Waiting For Godot

8 Dec

For our drama in context course, we had the opportunity to go see one of Samuel Beckett’s most famous plays, Waiting for Godot. Having read the play and having analyzed it during my senior year of high school, I had an idea of what to expect. However, never having seen a play before this opportunity, I was extremely excited to go to Gaiety Theatre. Walking up to the second level and seeing the closed red curtains, my excitement escalated even more.

A quote used to describe Waiting for Godot is “nothing happens…twice.” Personally, this quote is both extremely accurate and extremely inaccurate. If the audience takes the play only at face value and only looks for a set plot with a beginning, a middle, and an end, then the quote describes the play perfectly. It can be boring, tedious, and it is difficult to follow what is going on. However, if one takes what the characters say and do in an existential way or even a religious way (though Samuel Beckett said specifically that the play is not meant to be religious) there is so much more meaning within the play. For example, the face that the characters have no sense of time represents the illusion of time. Beckett wants the audience to continuously question life. At the ending, the characters are left waiting once again for Godot, a being neither Estragon nor Vladimir know anything about. The only indication of who or what Godot is is when the messenger boy tells them that Godot has a beard and is white.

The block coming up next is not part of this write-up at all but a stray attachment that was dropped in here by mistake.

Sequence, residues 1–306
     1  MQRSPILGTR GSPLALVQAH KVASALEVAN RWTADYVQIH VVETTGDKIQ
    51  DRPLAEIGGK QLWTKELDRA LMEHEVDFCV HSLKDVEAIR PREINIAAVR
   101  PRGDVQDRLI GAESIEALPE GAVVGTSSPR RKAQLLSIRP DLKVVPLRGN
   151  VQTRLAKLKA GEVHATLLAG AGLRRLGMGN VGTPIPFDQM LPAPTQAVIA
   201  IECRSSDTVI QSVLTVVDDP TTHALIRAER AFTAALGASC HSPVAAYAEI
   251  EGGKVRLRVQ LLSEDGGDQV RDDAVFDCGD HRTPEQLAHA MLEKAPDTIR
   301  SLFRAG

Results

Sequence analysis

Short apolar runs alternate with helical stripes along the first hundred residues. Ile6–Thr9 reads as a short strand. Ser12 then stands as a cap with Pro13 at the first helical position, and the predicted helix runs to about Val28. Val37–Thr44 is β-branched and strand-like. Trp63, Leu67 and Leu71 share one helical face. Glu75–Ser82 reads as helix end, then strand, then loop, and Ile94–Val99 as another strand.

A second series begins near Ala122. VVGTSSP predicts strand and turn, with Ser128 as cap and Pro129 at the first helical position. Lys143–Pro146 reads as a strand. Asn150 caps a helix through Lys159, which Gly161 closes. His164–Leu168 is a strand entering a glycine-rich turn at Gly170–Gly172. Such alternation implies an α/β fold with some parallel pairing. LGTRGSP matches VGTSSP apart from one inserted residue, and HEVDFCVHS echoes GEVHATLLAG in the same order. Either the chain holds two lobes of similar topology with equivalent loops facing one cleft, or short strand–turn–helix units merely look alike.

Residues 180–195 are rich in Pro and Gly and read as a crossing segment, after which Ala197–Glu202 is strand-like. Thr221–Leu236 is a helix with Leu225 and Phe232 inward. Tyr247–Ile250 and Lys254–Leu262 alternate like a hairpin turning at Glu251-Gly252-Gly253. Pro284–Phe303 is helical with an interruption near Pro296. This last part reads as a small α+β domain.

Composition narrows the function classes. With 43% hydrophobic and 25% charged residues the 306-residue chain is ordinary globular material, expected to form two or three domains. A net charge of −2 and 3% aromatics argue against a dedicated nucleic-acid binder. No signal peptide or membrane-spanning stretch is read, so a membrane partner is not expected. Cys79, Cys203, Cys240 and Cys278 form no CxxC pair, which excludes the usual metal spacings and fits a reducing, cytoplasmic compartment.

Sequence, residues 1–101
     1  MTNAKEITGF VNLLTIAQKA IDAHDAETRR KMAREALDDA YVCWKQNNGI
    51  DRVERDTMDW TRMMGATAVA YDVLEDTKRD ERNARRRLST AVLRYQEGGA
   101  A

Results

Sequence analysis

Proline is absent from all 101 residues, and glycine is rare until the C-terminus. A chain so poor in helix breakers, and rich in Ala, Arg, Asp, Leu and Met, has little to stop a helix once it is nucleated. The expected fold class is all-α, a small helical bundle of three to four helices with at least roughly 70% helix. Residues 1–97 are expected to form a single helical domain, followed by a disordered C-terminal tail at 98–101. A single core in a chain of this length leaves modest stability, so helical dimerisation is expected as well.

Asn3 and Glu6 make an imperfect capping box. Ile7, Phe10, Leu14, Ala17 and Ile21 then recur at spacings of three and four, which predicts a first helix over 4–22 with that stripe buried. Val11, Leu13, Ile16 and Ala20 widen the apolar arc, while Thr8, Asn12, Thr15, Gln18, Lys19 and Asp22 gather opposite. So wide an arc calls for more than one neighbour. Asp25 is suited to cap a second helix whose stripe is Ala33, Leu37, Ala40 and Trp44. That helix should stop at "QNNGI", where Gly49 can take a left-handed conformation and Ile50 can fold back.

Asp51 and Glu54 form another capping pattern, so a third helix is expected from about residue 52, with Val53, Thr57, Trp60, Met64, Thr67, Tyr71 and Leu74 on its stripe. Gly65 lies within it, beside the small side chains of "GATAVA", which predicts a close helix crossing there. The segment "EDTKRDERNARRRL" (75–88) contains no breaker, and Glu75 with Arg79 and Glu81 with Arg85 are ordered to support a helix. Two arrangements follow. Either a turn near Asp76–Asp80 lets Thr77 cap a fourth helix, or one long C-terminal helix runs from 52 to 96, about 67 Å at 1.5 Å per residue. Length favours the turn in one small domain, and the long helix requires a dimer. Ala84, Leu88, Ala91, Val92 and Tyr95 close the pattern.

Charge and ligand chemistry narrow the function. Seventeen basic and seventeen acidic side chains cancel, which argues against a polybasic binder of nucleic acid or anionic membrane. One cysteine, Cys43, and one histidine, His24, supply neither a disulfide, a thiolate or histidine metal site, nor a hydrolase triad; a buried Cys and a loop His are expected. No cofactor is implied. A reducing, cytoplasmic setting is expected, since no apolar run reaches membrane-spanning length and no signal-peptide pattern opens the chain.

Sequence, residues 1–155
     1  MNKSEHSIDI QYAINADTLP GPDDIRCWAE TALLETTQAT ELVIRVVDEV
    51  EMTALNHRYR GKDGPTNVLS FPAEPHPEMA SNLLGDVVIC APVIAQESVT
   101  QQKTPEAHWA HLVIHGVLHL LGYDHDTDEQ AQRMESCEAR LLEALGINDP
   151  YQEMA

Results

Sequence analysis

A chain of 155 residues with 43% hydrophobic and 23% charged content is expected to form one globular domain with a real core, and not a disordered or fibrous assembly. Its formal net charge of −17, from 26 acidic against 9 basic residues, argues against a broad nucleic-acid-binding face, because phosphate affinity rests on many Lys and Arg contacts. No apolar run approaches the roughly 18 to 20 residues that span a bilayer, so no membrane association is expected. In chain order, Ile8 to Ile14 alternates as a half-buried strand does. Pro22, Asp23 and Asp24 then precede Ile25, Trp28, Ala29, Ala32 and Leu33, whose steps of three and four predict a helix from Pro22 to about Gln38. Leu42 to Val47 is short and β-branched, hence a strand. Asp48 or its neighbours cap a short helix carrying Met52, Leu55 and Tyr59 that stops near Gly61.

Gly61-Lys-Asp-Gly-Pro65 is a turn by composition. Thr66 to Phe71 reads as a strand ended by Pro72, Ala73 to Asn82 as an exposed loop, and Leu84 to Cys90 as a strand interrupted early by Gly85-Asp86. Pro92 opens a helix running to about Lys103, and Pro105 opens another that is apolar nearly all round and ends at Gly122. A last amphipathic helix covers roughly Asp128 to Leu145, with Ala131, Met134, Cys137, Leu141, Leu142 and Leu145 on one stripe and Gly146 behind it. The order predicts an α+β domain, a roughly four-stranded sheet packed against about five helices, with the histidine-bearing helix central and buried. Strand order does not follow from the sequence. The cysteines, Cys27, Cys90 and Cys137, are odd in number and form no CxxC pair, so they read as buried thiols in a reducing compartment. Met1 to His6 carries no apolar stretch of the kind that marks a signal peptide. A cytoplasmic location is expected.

Overall, the play has mixed reviews among my peers; personally, I enjoyed reminiscing about all of the discussions I had senior year about the meaning of the play as well as finally seeing the play live.

Amanda Duong


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